Chris DeRusha, who wears the dual hats of Federal Chief Information Security Officer (CISO) and Deputy National Cyber Director for Federal Cybersecurity in the Office of the National Cyber Director, charted some near-term policy goals on the security front during a keynote address on May 19 at MeriTalk’s Cyber Central May 2022 – Mission: Cyber Resilience in-person conference.
Among other goals, the Federal CISO pointed to coming developments on Federal government contract rules that don’t currently allow for sufficient sharing of cyber incident data, and secure software development rules teed up in President Biden’s May 2021 cybersecurity executive order.
He also hinted at further possible steps on workforce development, and making public some details from Cyber Safety Review Board findings.
On the contracting front, DeRusha talked about an upcoming Federal Acquisition Regulation rule that will be put out for public comment to allow for cyber incident sharing with government entities where such sharing may not be permitted under current rules.
“Some people want to share, but they can’t,” he said. “So if that’s a problem, we can fix that.”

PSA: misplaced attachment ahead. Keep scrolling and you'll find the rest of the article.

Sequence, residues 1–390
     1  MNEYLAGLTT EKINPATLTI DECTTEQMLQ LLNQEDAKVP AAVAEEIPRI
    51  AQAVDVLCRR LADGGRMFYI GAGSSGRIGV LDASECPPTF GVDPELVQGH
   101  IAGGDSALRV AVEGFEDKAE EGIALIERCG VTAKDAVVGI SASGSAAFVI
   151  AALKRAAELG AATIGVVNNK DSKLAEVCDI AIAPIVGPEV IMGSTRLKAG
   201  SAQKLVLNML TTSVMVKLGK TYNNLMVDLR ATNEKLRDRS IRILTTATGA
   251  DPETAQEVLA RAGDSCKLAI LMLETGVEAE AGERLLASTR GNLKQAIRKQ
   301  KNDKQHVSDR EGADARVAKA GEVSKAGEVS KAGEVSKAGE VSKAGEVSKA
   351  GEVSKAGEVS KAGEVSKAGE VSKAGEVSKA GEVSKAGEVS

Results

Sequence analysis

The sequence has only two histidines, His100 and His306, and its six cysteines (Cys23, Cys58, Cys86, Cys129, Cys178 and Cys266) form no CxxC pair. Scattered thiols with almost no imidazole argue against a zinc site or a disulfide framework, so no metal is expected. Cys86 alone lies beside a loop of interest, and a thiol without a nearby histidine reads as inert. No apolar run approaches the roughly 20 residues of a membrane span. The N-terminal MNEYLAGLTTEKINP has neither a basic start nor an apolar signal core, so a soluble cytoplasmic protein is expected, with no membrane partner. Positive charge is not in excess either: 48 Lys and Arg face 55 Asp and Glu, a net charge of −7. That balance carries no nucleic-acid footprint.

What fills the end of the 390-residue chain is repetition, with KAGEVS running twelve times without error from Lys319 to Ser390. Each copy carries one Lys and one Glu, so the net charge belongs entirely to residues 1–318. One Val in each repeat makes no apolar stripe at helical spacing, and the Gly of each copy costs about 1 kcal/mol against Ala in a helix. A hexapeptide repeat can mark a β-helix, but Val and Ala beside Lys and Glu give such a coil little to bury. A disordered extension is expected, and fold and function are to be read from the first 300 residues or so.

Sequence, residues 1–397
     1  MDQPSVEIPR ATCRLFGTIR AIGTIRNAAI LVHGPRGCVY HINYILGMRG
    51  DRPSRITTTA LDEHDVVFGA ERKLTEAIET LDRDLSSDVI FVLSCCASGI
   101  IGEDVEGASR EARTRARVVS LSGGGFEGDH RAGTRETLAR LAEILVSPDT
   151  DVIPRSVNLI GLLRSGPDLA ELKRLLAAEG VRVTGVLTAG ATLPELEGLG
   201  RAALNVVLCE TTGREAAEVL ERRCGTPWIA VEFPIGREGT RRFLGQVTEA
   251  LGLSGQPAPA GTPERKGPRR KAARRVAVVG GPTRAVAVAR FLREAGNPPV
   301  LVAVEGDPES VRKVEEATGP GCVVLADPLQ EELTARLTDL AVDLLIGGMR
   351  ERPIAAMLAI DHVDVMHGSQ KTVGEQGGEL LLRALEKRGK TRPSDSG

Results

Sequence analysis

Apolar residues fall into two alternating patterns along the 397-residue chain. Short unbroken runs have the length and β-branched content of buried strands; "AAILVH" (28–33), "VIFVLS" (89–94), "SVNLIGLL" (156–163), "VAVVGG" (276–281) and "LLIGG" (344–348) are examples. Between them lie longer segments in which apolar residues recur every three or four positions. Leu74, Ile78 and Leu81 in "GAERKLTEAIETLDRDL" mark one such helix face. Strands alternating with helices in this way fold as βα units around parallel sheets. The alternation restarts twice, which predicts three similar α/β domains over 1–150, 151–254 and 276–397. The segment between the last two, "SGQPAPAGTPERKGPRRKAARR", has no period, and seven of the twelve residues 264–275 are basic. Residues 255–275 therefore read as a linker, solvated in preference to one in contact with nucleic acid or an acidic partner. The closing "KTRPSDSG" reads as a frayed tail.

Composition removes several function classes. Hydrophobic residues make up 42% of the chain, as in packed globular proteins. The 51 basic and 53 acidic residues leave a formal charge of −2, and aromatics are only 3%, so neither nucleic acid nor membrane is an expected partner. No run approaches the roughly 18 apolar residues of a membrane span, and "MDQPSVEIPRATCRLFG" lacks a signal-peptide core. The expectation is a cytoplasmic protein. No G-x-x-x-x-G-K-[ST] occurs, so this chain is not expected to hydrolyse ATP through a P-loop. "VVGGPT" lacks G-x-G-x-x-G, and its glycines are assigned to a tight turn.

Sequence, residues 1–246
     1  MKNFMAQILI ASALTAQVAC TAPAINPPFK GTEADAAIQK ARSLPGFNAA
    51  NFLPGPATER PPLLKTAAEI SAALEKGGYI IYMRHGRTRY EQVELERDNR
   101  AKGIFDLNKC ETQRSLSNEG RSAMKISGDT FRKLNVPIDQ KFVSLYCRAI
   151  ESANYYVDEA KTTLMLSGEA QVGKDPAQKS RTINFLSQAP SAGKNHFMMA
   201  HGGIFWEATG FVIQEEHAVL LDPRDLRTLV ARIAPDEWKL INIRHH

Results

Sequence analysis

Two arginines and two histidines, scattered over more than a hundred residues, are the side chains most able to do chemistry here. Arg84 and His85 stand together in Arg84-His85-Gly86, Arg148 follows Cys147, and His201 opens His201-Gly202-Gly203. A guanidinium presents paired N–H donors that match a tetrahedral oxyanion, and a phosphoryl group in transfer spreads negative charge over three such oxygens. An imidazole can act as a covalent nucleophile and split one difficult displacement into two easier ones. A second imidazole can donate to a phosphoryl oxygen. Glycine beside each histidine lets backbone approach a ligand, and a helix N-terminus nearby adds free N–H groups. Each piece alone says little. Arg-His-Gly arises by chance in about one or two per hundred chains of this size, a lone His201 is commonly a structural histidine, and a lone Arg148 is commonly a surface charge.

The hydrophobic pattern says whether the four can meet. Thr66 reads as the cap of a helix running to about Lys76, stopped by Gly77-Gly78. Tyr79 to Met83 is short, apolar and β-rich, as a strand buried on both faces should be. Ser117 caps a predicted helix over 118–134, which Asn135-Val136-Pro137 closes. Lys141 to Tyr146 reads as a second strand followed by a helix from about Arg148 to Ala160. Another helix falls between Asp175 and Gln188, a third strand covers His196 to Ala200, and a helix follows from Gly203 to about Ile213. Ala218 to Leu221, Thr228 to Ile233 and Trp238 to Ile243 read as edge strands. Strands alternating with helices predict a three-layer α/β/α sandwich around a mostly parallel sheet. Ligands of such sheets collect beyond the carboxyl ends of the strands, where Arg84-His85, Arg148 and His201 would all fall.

“There is a FAR (Federal Acquisition Regulation) rule that will come up for public comment, you will all get a chance to take a look at the contract clauses that we propose, and it will be a conversation, and then we’ll move forward,” he said.
DeRusha called secure software development “a huge focus” of the cybersecurity executive order, and said “we’re going to be very careful in how we roll that out.”
The National Institute of Standards and Technology (NIST), he said, “has come up with a fantastic secure software development framework, a great collection of best practices. What we want to do is ensure that companies adopt and follow them.”
“We don’t want a new compliance framework, we don’t want people checking the box and saying ‘to work with government, I have to do this and so we’re going to find a way to say that.’ No, we really want adoption here,” he said.
“We’ve been listening and trying to work together so that we can come up with a way to move forward that works for everyone, and roll this out in a consistent way across programs,” he said. The forthcoming policy, he pledged, “very much takes into account all the feedback that we’ve received.”
“That will be coming out in the coming months,” DeRusha said.
The Federal CISO said the move to seek industry comment follows a strong response to the zero trust policy that the Office of Management and Budget proposed following the release of the cybersecurity executive order.
“We wrote that with you all, and I think we got something like 120 to 130 independent submissions in our public comment period,” he said. “For those keeping track on government documents receiving public comments, it got more interest than we tend to see, and it was really good feedback … we really tried to take that and build it into the policy,” DeRusha said.